So many reviewers point to how “depressing” and “boring” this book is. Although I didn’t find it so, I can see the “depressing” point. I actually found it a rather hopeful story, exploring how someone can be buried in profound despair and still find a way back up to the surface.
And boring? It’s certainly character-driven and most of the action is internal, but I was never bored while reading it. I was sometimes annoyed when a character made a choice or came to a conclusion contrary to what I wanted for them, but I wasn’t bored. The writing was so skillful and the characters so real, I can’t imagine being bored by this book.
I see the book as mainly about the reactions of three women to life. Liz is emotionally healthy and used to acting as the support and the voice of reason to those struggling around her. When faced with a crisis, she’s forced to reevaluate her life, but she does so in a sane and healthy manner. Sarabeth had an unstable childhood due to her mother’s mental illness and perceives even small events in her life as crises. She’s not necessarily the owner of the depression she feels, but she’s learned it from her mother and doesn’t know quite how to stop it. Lauren is deeply and biologically depressed. The depression originates in her despite a loving and stable home environment.
Packer’s description of Liz’s “knocked off her feet but picking herself up and dusting herself off” reaction to her daughter’s suicide attempt and Sarabeth’s “can’t get out of bed” reaction to, well, life, was an interesting juxtaposition. Sarabeth’s relationship with her mother left her with this kind of learned helplessness that I suppose is somewhat pathetic. She believes that she can’t possibly do anything to change or improve her situation, so she doesn’t try. She relies on well-adjusted Liz to pull her out of each funk, and when Liz isn’t there, it sends her into a tailspin, but it also forces her to choose whether she’s like her mother or whether she can make a different choice. That’s a hopeful element in the novel, although I am a little skeptical about just how fully recovered Sarabeth seems to be at the end. Can someone really make that big a shift in their lifelong thinking that quickly?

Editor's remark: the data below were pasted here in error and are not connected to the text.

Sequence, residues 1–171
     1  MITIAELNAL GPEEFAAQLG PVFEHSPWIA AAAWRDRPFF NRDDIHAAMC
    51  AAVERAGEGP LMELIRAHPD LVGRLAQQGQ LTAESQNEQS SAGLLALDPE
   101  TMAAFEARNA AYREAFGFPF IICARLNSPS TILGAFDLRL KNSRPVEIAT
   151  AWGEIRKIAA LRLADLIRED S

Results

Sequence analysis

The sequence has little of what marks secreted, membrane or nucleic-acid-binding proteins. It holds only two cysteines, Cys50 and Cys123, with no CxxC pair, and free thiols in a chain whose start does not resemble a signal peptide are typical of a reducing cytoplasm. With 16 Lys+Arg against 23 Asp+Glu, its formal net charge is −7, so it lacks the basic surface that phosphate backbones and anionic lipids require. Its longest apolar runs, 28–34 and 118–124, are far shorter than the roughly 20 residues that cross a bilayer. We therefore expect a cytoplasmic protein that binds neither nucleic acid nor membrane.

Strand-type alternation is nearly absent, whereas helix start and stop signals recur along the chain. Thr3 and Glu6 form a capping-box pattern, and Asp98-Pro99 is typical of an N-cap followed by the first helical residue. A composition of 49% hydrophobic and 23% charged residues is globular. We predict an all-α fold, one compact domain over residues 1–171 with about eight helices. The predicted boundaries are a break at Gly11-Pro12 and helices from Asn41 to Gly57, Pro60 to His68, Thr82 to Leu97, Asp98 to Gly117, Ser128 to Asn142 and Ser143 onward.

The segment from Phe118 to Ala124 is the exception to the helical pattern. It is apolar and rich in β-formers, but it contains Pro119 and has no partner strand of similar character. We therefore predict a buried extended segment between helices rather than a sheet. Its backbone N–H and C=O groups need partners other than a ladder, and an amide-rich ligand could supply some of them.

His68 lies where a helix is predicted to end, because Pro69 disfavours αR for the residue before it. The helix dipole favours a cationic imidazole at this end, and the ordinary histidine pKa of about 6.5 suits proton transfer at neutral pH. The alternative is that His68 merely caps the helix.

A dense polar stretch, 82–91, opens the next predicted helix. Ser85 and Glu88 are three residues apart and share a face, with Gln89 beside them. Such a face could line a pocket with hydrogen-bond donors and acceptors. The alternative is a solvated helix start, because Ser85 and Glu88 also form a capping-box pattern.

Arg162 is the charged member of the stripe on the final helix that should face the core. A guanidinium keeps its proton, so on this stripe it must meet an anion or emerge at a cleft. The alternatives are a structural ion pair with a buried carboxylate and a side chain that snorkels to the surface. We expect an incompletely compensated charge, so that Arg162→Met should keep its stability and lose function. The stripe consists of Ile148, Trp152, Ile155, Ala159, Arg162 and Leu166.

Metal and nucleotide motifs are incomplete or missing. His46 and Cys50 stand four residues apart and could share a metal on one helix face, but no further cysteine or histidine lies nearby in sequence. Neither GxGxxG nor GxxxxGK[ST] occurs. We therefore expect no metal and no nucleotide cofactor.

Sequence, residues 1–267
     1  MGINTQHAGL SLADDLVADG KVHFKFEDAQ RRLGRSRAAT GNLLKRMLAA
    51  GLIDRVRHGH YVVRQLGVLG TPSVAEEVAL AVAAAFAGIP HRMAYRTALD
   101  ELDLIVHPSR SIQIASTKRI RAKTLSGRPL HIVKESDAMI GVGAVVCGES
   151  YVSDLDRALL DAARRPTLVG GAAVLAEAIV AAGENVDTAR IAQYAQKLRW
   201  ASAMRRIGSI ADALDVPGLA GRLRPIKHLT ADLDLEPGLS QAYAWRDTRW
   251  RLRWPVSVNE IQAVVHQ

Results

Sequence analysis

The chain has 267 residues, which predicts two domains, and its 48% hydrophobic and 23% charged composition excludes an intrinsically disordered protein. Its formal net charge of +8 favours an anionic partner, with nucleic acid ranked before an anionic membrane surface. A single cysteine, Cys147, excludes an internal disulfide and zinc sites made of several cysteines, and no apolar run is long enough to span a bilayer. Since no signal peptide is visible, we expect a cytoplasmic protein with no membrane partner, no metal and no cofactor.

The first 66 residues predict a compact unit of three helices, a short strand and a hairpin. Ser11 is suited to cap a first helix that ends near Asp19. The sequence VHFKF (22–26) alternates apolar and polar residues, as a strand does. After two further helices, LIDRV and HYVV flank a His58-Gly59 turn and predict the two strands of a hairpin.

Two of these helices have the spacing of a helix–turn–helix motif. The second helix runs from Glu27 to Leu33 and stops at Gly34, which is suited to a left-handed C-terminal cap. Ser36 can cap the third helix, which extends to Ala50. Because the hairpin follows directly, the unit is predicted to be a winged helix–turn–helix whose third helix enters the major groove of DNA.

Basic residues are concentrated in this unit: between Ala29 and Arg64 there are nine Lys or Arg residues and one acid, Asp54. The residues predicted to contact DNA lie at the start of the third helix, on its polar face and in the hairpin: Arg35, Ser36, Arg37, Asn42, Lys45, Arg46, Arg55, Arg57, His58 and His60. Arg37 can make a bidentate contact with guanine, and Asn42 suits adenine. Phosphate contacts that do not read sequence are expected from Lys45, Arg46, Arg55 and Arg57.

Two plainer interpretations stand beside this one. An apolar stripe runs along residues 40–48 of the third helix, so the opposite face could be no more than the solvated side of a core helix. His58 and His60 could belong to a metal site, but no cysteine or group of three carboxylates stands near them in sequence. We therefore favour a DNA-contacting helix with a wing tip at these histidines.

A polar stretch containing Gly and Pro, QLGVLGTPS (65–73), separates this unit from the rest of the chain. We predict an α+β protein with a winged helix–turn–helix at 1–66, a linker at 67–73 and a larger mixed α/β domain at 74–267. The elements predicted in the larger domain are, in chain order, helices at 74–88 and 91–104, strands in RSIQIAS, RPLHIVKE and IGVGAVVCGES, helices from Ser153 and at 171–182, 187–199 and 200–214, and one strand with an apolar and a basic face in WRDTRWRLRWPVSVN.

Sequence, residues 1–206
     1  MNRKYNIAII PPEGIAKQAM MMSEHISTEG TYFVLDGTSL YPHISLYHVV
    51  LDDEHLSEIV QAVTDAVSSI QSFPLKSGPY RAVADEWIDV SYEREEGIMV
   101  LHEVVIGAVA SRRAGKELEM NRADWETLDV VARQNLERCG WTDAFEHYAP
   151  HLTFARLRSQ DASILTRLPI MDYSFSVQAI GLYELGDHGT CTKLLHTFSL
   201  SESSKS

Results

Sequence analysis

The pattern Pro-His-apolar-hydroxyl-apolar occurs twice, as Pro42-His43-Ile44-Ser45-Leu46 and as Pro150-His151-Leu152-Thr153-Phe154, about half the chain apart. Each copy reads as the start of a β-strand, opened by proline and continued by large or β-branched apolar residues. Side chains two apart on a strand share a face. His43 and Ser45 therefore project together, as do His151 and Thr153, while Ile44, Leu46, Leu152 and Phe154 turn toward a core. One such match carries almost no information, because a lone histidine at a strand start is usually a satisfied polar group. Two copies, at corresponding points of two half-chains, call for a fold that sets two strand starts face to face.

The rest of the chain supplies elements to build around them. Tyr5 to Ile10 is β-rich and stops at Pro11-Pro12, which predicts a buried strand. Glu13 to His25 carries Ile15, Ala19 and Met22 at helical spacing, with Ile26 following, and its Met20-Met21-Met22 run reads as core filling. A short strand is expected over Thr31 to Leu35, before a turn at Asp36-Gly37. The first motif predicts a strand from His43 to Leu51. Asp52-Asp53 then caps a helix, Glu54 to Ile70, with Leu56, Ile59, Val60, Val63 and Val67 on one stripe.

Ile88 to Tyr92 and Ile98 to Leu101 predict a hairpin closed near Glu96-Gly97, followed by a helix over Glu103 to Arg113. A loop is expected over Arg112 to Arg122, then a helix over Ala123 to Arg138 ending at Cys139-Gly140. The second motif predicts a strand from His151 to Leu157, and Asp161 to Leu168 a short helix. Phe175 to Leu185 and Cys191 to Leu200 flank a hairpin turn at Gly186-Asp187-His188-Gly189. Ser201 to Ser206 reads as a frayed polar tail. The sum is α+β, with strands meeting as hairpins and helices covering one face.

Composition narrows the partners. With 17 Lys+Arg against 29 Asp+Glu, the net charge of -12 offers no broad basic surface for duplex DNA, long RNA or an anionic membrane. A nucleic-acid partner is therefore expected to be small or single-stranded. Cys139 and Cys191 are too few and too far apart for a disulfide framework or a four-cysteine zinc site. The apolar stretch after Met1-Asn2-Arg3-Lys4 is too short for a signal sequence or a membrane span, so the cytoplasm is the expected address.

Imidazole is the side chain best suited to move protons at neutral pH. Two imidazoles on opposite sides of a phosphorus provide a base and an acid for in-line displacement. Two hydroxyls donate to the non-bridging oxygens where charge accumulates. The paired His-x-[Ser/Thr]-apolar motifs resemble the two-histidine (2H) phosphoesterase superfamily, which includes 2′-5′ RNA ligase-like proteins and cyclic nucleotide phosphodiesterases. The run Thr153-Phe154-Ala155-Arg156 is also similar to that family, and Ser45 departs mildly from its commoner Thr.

Being inside Lauren’s head was just riveting to me. I felt frustrated that she couldn’t just stop thinking her negative thoughts, but at the same time it was written in a way that made sense (and felt familiar): How could she possibly not think that way? How could she think those things about herself, believe them, then let them go? The answer is pretty mundane (therapy, medication), but the internal journey is what I find interesting. And I like that even when she’s feeling better, there’s the recognition that she’s not done. She’s going to be confronting these thoughts throughout her life, probably. Her task isn’t to vanquish them once and for all but to develop skills to cope with them as they come up.
What was strange to me about this book is that I wasn’t bothered that much by Packer’s mention of the names of businesses and streets in the story. Usually this kind of name-dropping drives me nuts. I admit, I think the mention of Berkeley Bowl and Andronico’s didn’t further the story, but the street names I think actually enhanced the story. Maybe it’s just because I lived in the Bay Area recently and the street names helped me place the characters in the world and see better where they were. Or maybe it’s just that excitement of, “Hey! I know where that is! And it’s in a book! I must be important!”
Perhaps it’s just because I’m a boring, depressing person who gets a kick out of reading about places she’s lived, but I liked this book, and I look forward to reading The Dive from Clausen’s Pier.